Sudden Pressure Enhancement and Tailward Retreat in the Near-Earth Plasma Sheet: THEMIS Observation and MHD Simulation
Tuesday, 16 December 2014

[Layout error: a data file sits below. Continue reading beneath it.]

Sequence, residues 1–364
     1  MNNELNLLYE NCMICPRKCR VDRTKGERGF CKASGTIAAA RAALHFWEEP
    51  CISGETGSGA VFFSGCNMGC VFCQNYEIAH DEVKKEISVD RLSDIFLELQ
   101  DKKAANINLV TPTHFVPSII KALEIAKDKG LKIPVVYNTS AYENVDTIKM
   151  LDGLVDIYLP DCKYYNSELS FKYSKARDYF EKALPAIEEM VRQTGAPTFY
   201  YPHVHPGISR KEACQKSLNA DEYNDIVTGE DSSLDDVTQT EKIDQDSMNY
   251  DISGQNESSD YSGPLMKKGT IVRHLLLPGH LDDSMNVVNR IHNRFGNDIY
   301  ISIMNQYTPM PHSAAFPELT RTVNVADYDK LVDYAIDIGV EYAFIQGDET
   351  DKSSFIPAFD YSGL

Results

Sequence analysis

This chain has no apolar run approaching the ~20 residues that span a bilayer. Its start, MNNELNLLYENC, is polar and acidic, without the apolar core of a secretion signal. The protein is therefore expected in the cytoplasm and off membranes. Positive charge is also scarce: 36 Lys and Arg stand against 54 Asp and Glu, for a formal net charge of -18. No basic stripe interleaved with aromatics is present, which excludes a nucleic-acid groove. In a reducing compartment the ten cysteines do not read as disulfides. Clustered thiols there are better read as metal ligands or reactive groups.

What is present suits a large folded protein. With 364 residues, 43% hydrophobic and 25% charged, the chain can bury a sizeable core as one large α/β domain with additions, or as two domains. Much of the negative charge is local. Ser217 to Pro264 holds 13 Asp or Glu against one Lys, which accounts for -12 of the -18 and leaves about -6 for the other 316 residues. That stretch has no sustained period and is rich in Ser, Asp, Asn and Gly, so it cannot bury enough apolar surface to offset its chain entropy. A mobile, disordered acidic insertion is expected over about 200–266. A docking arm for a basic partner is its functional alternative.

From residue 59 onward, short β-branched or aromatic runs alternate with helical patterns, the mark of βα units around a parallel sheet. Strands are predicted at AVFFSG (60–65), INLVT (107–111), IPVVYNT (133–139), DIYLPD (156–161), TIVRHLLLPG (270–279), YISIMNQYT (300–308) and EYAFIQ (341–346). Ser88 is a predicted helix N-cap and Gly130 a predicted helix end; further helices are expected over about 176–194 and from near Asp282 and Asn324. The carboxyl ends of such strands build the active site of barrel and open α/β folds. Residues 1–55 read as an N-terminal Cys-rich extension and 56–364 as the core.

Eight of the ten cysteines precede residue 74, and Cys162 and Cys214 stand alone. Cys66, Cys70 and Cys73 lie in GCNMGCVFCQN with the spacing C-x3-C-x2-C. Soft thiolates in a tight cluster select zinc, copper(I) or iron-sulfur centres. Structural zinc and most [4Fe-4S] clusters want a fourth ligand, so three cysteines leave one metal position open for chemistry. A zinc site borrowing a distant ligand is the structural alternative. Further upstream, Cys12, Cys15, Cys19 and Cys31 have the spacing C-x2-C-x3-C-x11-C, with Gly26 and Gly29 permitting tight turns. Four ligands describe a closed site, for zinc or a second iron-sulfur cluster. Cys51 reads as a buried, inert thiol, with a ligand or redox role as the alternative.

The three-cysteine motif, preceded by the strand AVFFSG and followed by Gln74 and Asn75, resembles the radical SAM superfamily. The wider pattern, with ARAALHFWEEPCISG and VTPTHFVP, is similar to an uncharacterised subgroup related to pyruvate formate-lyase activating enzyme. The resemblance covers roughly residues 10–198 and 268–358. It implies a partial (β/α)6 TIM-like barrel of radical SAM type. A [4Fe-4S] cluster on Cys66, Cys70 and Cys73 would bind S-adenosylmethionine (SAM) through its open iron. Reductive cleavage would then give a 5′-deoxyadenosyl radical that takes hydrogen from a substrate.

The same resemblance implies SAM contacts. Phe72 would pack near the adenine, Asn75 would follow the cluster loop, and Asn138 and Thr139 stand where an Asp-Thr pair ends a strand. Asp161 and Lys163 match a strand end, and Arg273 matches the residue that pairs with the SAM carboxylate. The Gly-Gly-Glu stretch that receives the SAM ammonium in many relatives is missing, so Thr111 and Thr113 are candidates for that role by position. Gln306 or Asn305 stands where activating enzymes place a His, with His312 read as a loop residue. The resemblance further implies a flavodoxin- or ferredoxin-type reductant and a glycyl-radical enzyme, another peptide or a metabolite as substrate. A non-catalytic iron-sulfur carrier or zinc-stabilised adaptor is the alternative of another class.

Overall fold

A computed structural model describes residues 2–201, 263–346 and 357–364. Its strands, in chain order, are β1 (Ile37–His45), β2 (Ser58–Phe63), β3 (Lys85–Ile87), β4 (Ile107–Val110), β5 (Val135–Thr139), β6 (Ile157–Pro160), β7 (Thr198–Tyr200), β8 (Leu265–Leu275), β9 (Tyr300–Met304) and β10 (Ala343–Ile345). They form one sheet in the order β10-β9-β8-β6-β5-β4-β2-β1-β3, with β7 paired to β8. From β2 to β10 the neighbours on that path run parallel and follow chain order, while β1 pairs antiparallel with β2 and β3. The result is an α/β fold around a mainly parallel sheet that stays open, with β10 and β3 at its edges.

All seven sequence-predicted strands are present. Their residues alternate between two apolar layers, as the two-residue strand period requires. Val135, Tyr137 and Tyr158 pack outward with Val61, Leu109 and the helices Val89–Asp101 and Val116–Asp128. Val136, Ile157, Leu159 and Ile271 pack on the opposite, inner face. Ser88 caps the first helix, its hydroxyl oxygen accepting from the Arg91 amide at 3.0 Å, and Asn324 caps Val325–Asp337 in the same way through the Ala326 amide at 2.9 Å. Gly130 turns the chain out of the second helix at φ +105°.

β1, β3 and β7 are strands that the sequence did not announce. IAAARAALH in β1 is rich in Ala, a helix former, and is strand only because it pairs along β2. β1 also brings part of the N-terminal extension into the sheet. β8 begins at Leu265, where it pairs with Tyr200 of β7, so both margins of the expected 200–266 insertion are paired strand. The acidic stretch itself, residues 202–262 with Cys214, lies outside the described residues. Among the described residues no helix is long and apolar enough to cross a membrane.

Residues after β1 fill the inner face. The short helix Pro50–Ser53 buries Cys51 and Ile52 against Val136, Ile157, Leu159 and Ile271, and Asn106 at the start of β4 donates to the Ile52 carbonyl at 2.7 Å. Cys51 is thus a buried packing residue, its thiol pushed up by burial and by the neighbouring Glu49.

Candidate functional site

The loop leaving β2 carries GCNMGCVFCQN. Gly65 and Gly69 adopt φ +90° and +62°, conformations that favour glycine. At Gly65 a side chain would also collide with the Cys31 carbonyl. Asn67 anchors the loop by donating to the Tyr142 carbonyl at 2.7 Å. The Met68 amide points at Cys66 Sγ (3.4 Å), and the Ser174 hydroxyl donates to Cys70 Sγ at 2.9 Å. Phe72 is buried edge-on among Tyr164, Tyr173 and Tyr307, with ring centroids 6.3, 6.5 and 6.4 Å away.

Sudden enhancement of the plasma pressure in the near-Earth plasma sheet is one of the common manifestations of the substorms, and is thought to play an important role in relevant disturbances in the magnetosphere and ionosphere. On 1 March 2008 four of the THEMIS (Time History of Events and Macroscale Interactions during Substorms) probes observed the sudden enhancement of the plasma pressure around 15:40 UT. The four probes were almost aligned along the Sun-Earth line, which was suitable for investigating spatial-temporal evolution of the near-Earth plasma sheet around the substorm onset. The four probes were located off the equatorial plane, according to a magnetic field model. The plasma pressure suddenly increased at the inner most probe first (at ~7.2 Re), followed by the outer probes (at ~7.5, ~8.3, and ~10.4 Re), that could be seen as a tailward propagation (or retreat) of high-pressure region (HPR). After comparing with results of a global magnetohydrodynamics (MHD) simulation, we found that only the tailward propagation of the HPR could be seen at off-equator. Near the equatorial plane, the HPR propagates earthward from the magnetotail region, then it retreats tailward. In the course of the tailward propagation, the HPR also propagates away from the equatorial plane. As a consequence, the inner most probe observed the pressure enhancement first, followed by the outer probes. The propagation of the HPR in the ZGSM direction is understood to be a combination of the convergence of the plasma flow (the divergence of bulk velocity along the ZGSM axis), and the pressure gradient force.